Nader Hashemi is an associate professor at the Josef Korbel School of International Studies at the University of Denver. He holds a Ph.D. in Political Science from the University of Toronto and continues with his studies on Middle East and Islamic affairs, religion and democracy, secularism, Islam-West relations… Hashemi has been serving as the director of the Center for Middle East Studies since 2012 and is the author of Islam, Secularism, and Liberal Democracy: Toward a Democratic Theory for Muslim Societies.

“I view Fethullah Gulen as one of the leading Muslim intellectuals and scholars of the contemporary period and actually wish that more people—both Muslim and non-Muslim—would become familiar with his ideas.”

“Unfortunately in the West, after 9/11, the one interpretation of Islam that most Americans, most Westerners, are exposed to is a radical, violent, extremist version of Islam that has its roots in Wahhabi Islam and Al-Qaeda. So, you read Fethullah Gulen’s interpretation of Islam and the Hizmet Movement’s interpretation, and it’s completely the opposite.”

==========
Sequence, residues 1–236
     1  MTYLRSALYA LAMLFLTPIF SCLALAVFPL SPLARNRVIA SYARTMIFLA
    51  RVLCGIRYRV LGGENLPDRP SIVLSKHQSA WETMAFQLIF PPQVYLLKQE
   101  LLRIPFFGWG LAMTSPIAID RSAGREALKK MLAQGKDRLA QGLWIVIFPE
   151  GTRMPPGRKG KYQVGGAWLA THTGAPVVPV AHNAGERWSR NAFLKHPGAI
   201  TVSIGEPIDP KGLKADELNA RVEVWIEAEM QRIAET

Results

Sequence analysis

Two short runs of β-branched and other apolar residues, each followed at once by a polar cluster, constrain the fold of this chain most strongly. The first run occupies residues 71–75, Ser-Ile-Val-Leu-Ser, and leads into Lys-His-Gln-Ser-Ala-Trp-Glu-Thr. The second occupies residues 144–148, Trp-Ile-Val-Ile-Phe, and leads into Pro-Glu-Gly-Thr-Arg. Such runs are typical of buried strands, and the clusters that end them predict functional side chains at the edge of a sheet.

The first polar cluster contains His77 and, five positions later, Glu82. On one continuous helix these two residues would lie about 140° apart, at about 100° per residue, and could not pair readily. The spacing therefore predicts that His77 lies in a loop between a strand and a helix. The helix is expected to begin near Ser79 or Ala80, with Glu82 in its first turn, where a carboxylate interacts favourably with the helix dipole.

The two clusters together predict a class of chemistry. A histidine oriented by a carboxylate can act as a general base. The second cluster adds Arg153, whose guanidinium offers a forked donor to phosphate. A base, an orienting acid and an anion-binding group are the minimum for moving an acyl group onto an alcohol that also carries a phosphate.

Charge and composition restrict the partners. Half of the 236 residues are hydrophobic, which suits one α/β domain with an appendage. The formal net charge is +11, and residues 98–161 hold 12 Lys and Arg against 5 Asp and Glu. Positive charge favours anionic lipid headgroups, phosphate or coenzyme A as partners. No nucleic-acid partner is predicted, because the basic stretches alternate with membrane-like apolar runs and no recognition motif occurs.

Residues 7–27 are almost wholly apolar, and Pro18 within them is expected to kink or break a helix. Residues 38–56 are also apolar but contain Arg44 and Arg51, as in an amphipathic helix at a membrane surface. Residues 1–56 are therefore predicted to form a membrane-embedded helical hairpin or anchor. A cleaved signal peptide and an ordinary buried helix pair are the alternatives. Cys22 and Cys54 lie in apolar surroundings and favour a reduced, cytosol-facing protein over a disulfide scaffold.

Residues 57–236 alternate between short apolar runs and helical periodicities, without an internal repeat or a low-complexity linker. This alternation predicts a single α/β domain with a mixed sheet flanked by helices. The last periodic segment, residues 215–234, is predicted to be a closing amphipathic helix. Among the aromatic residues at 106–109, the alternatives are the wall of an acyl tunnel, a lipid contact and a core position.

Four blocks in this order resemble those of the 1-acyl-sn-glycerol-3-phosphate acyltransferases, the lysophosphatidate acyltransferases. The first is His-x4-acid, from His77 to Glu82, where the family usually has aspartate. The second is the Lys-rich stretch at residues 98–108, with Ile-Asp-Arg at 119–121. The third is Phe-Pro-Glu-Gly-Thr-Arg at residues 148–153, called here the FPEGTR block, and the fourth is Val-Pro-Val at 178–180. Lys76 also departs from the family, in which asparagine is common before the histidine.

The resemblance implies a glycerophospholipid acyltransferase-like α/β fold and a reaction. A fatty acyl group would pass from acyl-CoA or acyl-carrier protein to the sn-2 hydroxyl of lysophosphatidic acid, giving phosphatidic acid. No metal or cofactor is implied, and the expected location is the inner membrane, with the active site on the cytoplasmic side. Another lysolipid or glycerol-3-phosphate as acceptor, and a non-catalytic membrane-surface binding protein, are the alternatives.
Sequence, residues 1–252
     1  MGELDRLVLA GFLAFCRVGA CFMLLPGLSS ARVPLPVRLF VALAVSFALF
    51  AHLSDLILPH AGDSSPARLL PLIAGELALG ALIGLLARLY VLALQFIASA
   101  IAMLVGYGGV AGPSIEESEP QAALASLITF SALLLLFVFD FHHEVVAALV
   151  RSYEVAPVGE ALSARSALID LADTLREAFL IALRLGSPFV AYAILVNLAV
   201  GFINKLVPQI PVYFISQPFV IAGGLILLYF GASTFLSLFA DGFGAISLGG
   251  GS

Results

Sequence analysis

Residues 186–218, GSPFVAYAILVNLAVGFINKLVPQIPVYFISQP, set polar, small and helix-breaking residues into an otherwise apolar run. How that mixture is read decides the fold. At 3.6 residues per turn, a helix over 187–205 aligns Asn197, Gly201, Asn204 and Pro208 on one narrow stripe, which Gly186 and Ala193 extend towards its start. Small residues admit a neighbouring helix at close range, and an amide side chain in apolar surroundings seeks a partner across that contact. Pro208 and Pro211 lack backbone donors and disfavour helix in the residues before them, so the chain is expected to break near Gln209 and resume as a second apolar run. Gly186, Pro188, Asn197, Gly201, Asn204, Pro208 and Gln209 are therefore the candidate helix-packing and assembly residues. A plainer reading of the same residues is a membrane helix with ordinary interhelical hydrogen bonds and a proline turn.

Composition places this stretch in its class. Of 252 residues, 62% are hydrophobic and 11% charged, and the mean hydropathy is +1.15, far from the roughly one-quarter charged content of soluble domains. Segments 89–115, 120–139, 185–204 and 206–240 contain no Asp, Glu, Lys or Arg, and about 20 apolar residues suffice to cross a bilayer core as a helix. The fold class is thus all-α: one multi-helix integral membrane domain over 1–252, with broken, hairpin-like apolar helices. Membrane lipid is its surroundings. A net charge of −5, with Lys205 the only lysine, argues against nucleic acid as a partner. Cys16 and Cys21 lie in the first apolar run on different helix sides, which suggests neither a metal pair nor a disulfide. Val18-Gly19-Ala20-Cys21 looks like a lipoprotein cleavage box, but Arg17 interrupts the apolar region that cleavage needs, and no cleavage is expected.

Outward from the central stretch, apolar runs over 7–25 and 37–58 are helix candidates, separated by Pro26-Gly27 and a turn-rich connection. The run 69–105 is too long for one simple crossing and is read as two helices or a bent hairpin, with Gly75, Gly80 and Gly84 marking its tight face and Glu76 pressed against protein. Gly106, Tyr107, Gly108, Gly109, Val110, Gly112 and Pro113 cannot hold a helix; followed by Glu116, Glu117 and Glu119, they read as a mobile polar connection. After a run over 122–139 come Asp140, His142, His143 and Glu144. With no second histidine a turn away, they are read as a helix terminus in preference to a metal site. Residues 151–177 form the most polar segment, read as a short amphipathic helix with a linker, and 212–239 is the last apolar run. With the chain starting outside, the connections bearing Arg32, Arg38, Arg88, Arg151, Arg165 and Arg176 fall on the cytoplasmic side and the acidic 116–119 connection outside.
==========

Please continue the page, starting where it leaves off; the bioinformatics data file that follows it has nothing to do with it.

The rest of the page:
“…having a prominent Muslim leader, in this case Fethullah Gulen who is Turkish, condemn terrorism without any qualifications, without any ambiguity is, I think, a contribution to reducing the level of Islamaphobia in the United States, in the West and presenting an image of Islam, a face of Islam that is more moderate and more peaceful.”

“There’s too much violence and justification for violence, on religious grounds, among different Muslim groups in the Middle East. And to have an alternative narrative that is trying to condemn that interpretation and provide an alternative interpretation of Islam that is rooted within Islam’s own authentic religious heritage, in and of itself, is an important contribution and it’s an important task.”

“When I think about the Hizmet Movement and I compare it to other social movements and groups within the Muslim world, the immediate difference that I see is that the Hizmet Movement has a strong emphasis in education and in engaging with the modern world, not running away from it.”